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A Suburb of Ireland

Fox Searchlight Pictures
 111 Minutes
Rated: PG-13
Directed by: John Crowley 
Starring: Saoirse Ronan, Emory Cohen, Domhnall Gleeson

Legendary director John Ford, who won more directing Oscars than anyone else, had a fondness for his ancestral Ireland that showed in films like The Quiet Man. The best way I can pay tribute to the cast and crew of the new movie Brooklyn is to say that it’s almost exactly the movie that Ford would have made if author Colm Toibin had written the source novel in the 1950’s when it is set. Yet despite being a throwback in many ways to its 50’s timeframe, Brooklyn feels fresh and vibrant, thanks to a clever script and an astonishingly subtle performance by lead actress Saoirse Ronan.


Ronan plays Eilis Lacey, a girl with seemingly few good employment or romantic prospects in a small Irish village. Her older sister Rose (Fiona Glascott), who supports their mother, arranges with an expatriate priest (Jim Broadbent) living in Brooklyn, for Eilis to find lodging and a job in the New York borough. At Rose’s insistence, Eilis heads for America.


Once in Brooklyn, Eilis gets a room in a boarding house run by the no-nonsense Mrs. Kehoe (Julie Walters) and a sales job at a posh department store, where her supervisor, (Jessica Pare) encourages the painfully shy Rose to be more outgoing. Rose, however, is quite homesick and pretty much keeps to herself, despite the teasing of her more worldly wise roommates until she goes to a Saturday night dance sponsored by the local church.


There, she meets Tony (Emory Cohen), an Italian-American plumber who sees through her painful shyness and begins courting her. And, in this movie, courting is the right word. He escorts her home from her night classes at the local college, asks her for dinner at his house to meet his parents, and always respects boundaries. In fact, Tony is so proper that Eilis comes out of her shell by engaging in some good natured teasing of him.


Although Eilis soon becomes very happy being with Tony, a family tragedy suddenly calls her back to Ireland. She agrees to stay there, much to the dismay of Tony, for an indefinite period, so that she can care for her mother. But what begins as a goodwill gesture on her part soon becomes a tug of war as her mother and her old friends try their best to get her to stay. First, they get her a “temporary” bookkeeping job at a local factory that will lead to a responsible position if she wants it. Then, they set her up with Jim (Domhnall Gleeson), an old acquaintance whose family owns the local pub. Eilis agrees to stay until her best friend’s wedding but finds it more and more difficult to relate to Tony an ocean away.


At its core, Brooklyn is an old-fashioned romantic triangle, with the two men in Eilis’ life half a world apart. In most movies of this nature, one or the other of the suitors would be shown, to the audience, if not to Eilis, to be somehow unsuitable so that it would be clear to viewers whom she should choose. However, in Brooklyn, both guys are genuinely nice, caring, decent, hardworking men, either of whom would make a great husband. What is clear to viewers and to Eilis  is that someone is going to get badly hurt. I’ve even left out a couple of details that make Eilis’ predicament that much more difficult.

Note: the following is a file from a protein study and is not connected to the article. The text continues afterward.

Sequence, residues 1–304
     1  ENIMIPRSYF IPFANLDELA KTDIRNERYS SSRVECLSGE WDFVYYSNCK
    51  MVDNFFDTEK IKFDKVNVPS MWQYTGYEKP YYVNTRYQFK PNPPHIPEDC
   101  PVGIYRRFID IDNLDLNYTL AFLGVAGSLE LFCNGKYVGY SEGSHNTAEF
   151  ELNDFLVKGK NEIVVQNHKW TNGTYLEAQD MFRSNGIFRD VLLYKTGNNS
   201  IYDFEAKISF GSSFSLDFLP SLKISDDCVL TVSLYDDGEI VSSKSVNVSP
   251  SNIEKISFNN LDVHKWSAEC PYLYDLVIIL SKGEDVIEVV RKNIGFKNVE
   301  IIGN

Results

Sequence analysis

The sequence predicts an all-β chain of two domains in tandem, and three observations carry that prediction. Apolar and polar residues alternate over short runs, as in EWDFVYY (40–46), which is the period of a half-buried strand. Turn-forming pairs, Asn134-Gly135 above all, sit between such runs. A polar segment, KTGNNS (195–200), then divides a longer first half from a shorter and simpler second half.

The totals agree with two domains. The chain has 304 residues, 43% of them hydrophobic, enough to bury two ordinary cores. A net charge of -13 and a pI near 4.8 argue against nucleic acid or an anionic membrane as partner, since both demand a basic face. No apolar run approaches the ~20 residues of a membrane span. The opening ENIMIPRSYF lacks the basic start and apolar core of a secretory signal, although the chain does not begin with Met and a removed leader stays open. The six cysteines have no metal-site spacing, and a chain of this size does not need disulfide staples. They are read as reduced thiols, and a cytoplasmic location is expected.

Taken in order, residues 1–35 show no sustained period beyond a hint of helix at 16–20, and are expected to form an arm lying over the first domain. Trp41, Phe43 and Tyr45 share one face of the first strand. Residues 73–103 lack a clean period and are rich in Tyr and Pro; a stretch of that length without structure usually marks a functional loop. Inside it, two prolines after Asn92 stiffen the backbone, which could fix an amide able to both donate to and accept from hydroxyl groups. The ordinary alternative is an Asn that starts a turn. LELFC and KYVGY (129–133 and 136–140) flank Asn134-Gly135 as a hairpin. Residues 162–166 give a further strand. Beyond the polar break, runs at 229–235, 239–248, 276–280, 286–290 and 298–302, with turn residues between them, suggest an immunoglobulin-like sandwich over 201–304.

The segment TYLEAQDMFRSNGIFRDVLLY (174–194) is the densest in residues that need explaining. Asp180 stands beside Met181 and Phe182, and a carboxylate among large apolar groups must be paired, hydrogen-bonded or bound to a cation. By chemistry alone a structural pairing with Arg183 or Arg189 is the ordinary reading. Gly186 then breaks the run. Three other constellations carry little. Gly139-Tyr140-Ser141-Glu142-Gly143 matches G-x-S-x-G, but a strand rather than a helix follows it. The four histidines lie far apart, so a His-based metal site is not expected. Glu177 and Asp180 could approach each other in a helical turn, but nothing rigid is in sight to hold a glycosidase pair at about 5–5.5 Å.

Unlike an actual 50’s movie, sex is always present in the background of Brooklyn, which makes the characters’ decisions to avoid tawdriness quite unusual and, frankly, quite refreshing in a movie made in 2015.  Although sexual activity is kept on the backburner for most of the film, director John Crowley avoids boring viewers by filling Brooklyn with a great deal of period detail. Tony is a diehard Brooklyn Dodgers fan, and the highlight of his courtship of Eilis is a day at the beach at Coney Island. The realities of the ocean voyage to America also figure into the story, as Eilis learns the hard way about the dangers of seasickness and sharing a bathroom with an adjacent cabin.


Crowley and screenwriter Nick Hornby avoid big emotional scenes for the most part. The action is low key and even the more tragic moments in the story are tastefully handled. Although the individual scenes are quiet, they aren’t routine, however. The family dinner at Tony’s house turns into an adventure as Eilis tries to remember the training her roommates gave her in the proper method of eating spaghetti.


More that anything, however, Brooklyn is a showcase for Saoirse Ronan. She gets great support from old pros Broadbent and Waters, as well as Cohen and Gleeson as her two beaus. Still, she carries the film with quite a subtle, yet effective, performance. John Ford’s favorite actress, Maureen O’Hara epitomized Irish feistiness and was always willing to duke it out with the Duke himself, John Wayne. Ronan is much quieter here, relying on some quickly changing facial expressions, as she gradually becomes more self-assured. Yet when she has her big moment late in the movie, standing up to the village bully, O’Hara herself couldn’t have done it better.


Brooklyn is the best romance of the year, and one of the best movies about the immigrant experience in America in a number of years. It’s a surprisingly deep movie yet one that shows wit and, above all else, charm in every scene. It also manages to blend two disparate cultures, Brooklyn and Ireland, each of whose portrayal is strikingly authentic. There’s no Blarney in saying that Brooklyn is one of the most enjoyable movies you can see this year.

Read other reviews of Brooklyn:


Brooklyn (2015) on IMDb